Learning To Listen: To Young People, Parents, Perpetrators

I dont matildawant to talk about it Its too horrible. But in the end I became so frightened of her I used to start shaking when she came into the room.
So said Matildas teacher, Miss Honey, in Roald Dahls classic childrens book (Dahl and Blake, 1989, p. 198). In a simple childrens story, Dahl poignantly captures just how difcult young people (and adults) nd it to talk about the abuse they experience:
I have found it impossible to talk to anyone about my problems. I couldnt face the embarrassment, and anyway I lack the courage. Any courage I had was knocked out of me when I was young (p. 195).
The reality of that is captured in the rst paper in the latest issue of Child Abuse Review. In a review of research on disclosure of child sexual abuse, Rosaleen McElvaney (2015) highlights both quantitative data on the prevalence of non-disclosure and delays in disclosure, and qualitative data exploring the complexity and individuality of issues around disclosure. McElvaney concludes that signicant numbers of children do not disclose experiences of sexual abuse until adulthood and adult survey results suggest that signicant proportions of adults have never disclosed such abuse (p. 161)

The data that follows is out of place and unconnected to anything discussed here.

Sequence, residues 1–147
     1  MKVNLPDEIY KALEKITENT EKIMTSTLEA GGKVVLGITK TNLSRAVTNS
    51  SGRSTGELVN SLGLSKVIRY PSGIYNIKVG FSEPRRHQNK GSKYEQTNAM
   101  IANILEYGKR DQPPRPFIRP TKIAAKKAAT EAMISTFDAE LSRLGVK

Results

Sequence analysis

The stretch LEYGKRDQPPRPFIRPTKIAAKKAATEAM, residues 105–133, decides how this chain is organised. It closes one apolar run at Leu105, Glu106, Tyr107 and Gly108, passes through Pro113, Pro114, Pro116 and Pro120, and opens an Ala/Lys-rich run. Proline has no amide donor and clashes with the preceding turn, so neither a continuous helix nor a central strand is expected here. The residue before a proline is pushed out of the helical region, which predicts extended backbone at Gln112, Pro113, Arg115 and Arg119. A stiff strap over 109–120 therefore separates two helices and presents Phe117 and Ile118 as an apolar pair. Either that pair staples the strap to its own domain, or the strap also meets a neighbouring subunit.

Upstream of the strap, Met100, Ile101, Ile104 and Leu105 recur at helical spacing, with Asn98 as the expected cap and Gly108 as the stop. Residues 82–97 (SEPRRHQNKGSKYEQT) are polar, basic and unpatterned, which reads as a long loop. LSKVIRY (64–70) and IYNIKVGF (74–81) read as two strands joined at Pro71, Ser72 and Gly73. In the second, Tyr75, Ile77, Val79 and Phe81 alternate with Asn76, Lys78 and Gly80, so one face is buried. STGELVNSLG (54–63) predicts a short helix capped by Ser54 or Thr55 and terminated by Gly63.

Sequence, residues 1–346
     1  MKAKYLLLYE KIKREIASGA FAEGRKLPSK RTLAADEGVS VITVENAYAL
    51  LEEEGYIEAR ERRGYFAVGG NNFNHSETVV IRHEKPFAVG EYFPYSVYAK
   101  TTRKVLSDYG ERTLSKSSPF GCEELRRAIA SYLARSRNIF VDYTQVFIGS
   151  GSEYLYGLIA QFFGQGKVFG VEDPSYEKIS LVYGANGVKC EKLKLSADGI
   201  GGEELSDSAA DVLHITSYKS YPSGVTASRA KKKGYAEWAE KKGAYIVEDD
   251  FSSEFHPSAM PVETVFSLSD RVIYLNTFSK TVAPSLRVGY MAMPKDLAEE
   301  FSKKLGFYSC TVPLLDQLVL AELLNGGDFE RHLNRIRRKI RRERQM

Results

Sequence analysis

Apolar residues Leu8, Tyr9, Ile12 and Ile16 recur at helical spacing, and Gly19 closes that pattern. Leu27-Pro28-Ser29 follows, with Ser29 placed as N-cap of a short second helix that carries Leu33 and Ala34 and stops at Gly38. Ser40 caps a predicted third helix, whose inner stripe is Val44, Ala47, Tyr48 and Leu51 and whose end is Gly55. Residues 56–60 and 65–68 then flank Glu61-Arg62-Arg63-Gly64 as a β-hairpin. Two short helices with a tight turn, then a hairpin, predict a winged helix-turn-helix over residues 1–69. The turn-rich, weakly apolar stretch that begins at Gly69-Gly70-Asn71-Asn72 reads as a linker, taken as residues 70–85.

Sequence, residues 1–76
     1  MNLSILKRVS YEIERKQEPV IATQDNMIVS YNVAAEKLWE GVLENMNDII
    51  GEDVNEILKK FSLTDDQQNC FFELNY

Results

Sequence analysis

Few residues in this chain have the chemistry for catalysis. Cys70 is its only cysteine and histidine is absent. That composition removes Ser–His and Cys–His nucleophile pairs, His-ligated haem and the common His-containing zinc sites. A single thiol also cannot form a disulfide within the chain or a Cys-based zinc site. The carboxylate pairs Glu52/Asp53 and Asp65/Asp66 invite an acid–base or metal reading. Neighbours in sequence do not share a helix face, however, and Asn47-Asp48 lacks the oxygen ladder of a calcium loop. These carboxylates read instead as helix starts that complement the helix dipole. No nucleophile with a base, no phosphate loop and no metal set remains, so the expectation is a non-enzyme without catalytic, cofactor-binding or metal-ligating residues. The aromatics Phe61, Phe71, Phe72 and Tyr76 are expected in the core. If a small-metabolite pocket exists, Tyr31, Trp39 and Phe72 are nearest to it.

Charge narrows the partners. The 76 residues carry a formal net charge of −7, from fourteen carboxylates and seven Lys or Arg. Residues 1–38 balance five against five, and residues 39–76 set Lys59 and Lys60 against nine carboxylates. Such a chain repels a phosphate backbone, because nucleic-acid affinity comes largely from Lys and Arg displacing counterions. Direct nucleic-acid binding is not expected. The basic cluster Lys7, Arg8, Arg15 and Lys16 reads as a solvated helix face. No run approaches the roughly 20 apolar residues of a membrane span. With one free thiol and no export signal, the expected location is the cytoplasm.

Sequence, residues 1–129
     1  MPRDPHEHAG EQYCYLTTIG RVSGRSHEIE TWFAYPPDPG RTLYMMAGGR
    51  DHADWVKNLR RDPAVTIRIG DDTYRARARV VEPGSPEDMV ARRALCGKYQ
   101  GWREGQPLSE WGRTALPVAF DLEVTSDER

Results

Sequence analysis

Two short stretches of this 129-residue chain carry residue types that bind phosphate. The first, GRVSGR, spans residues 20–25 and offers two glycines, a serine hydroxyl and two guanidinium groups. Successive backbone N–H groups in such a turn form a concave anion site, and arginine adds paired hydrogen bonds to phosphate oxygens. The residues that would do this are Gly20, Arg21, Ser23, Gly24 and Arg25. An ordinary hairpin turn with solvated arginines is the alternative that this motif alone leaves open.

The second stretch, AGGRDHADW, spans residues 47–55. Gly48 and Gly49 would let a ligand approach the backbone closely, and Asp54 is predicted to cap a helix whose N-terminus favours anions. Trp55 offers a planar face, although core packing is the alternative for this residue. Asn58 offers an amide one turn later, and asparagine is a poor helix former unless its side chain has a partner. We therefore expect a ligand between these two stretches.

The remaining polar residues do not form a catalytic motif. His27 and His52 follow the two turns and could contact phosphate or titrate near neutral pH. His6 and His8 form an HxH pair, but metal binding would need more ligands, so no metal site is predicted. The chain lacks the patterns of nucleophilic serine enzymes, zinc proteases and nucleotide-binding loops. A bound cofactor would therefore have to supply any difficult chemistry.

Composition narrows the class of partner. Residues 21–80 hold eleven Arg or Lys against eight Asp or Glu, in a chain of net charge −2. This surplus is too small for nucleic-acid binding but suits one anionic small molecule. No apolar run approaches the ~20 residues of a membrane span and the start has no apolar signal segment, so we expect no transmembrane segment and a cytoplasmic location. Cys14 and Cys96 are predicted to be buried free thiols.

These realities are explored in a number of papers in this issue of Child Abuse Review, originating from the UK, Ireland, Sweden and South Africa.  As well as the issues around disclosure of sexual abuse, the articles consider children and young people’s experiences of physically and emotionally traumatic events; the involvement of families in case reviews; and a particularly helpful paper by Stephanie Holt on the dilemmas and challenges faced by families following separation in the context of domestic violence.
Click here to read the full editorial which, in keeping with our new journal policy, is freely accessible online.